New Jersey Gov. Chris Christie said 2.4 million households in his state were in the dark Tuesday, twice the number left powerless in Hurricane Irene's wake last year.

"This is the largest storm-related outage in our history," John Miksad, Con Edison senior vice president for electric operations, said in a company Twitter message Tuesday.

Sandy changes lives forever

It will take time before we know how expensive Sandy will prove, but early estimates would not make it the costliest on record.

Eqecat, which provides loss estimates to the insurance industry, calculated Tuesday that the total cost of property damage and lost business could run between $10 billion to $20 billion.

Another estimate, by Kinetic Analysis Corp. research director Chuck Watson, put the Sandy's overall economic impact at $20 billion to $25 billion. Flood damage to New York's subway tunnels and potential electrical system damage is a major wild card, Watson said.

Is Sandy a taste of things to come?

Sandy is not expected to come near the $108 billion in damages the National Hurricane Center estimated was done to the Gulf Coast states by Katrina in 2005.

With new ways for people to experience and share the storm available, new measures of impact are rising.

For example, the smartphone photo-sharing app Instagram registered a record number of image uploads Monday "at a rate of nearly 10 each second -- with the hashtags #hurricanesandy, #sandy and #frankenstorm," the company said.

How to help

      Superstorm Sandy

    • A mother learns that her newborn is part of a hospital evacuation. Facebook posts from a member of the HMS Bounty turn ominous. A man worries about the wind and rain, but another force of nature hits home.
    • In the wake of Superstorm Sandy, a storm that ripped so much apart, people have come together to provide help and hope.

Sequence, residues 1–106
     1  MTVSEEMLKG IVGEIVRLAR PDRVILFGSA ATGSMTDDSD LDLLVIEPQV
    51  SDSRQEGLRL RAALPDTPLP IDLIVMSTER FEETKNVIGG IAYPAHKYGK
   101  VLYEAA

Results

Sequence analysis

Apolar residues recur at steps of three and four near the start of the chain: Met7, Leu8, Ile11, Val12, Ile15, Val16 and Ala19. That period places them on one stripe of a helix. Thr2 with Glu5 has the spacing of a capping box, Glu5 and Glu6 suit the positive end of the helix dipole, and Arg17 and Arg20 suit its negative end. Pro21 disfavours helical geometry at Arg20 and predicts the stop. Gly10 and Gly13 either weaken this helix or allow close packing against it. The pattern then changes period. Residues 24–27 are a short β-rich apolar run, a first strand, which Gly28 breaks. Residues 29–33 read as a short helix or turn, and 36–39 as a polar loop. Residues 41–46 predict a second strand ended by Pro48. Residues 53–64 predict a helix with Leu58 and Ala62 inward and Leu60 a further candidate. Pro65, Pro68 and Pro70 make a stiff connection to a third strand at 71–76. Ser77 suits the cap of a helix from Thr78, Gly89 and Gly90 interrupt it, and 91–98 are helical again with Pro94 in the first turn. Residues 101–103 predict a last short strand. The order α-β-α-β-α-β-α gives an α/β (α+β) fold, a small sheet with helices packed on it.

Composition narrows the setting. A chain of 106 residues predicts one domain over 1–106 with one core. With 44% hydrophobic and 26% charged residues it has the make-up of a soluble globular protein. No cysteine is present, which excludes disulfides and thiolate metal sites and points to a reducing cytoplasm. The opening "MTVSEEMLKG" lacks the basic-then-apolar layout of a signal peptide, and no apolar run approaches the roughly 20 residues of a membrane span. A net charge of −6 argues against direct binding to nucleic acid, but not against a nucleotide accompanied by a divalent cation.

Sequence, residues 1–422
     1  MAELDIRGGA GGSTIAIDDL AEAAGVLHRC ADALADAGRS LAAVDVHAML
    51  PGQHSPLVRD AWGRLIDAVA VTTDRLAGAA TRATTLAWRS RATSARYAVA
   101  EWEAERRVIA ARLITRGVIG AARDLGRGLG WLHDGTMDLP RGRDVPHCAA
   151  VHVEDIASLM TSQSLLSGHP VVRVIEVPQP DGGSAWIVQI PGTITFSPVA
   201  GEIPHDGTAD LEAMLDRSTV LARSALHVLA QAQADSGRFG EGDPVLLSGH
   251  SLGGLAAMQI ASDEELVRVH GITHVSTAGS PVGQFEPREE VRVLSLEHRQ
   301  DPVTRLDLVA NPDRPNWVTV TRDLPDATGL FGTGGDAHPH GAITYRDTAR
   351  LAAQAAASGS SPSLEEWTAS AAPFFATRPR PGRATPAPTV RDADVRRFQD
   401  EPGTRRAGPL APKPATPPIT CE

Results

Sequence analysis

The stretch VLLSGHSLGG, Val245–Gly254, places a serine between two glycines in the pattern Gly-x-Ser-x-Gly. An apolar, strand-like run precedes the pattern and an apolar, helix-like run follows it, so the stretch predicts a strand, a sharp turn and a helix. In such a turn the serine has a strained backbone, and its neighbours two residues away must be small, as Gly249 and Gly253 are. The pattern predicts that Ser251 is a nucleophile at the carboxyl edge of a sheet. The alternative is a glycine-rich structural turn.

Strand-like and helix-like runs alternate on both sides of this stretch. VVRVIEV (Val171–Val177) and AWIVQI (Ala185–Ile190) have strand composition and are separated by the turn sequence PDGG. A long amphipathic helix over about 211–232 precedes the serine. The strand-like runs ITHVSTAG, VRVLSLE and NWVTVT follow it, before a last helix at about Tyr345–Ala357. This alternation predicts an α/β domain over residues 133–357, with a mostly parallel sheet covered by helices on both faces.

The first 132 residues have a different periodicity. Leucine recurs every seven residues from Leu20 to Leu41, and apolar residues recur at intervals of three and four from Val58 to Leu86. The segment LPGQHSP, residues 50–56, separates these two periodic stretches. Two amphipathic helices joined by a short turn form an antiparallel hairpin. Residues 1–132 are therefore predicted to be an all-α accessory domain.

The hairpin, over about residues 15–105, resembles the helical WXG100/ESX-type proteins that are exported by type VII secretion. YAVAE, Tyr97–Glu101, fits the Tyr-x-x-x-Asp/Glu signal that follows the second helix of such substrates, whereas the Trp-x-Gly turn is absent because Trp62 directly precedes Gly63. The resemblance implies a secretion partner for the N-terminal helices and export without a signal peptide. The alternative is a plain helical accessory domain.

Tourists become volunteer rescue workers. The connected provide power outlets and Wi-Fi. Performers lift spirits. Photographers preserve images. Doctors work overtime to keep hospitals running and patients alive.
    • Despite a mangled phone screen, volunteer Candice Osborne is able to quickly respond to the needs of Superstorm Sandy victims with the help of social media.

      It has been in operation only since October 30, but the Facebook page for "Giving back to those affected by Sandy" has a longer timeline than most Facebook members.
    • Steph Goralnick

      It's important to remember that even as the effect of Superstorm Sandy recedes from the news, there are still devastated areas that are without electricity, heat or hot water.
    • Americares volunteers help clean out flood damaged homes in Queens, New York during Operation "Muck-Out"

      Our AmeriCares "Operation Muck-Out" team immediately got to work, ripping out the interior walls and removing the insulation until only wooden beams were standing.
    • exp point harlow murray sandy_00013211

      Ashley Murray became the first female president of Liberty Industrial Gases and Welding Supplies Inc. in Brooklyn. But now the family history Murray was charged with preserving is at risk of ending after Superstorm Sandy.
    • Jeannette Van Houten and other residents of Union Beach, New Jersey, have found family photos such as this one scattered after Superstorms Sandy. They want to return them to their rightful owners.

      The adage says "a picture is worth a thousand words," but when Leeann Lewandowski happened upon a photograph of her late mother on Facebook after her home was destroyed in Superstorm Sandy, she was speechless.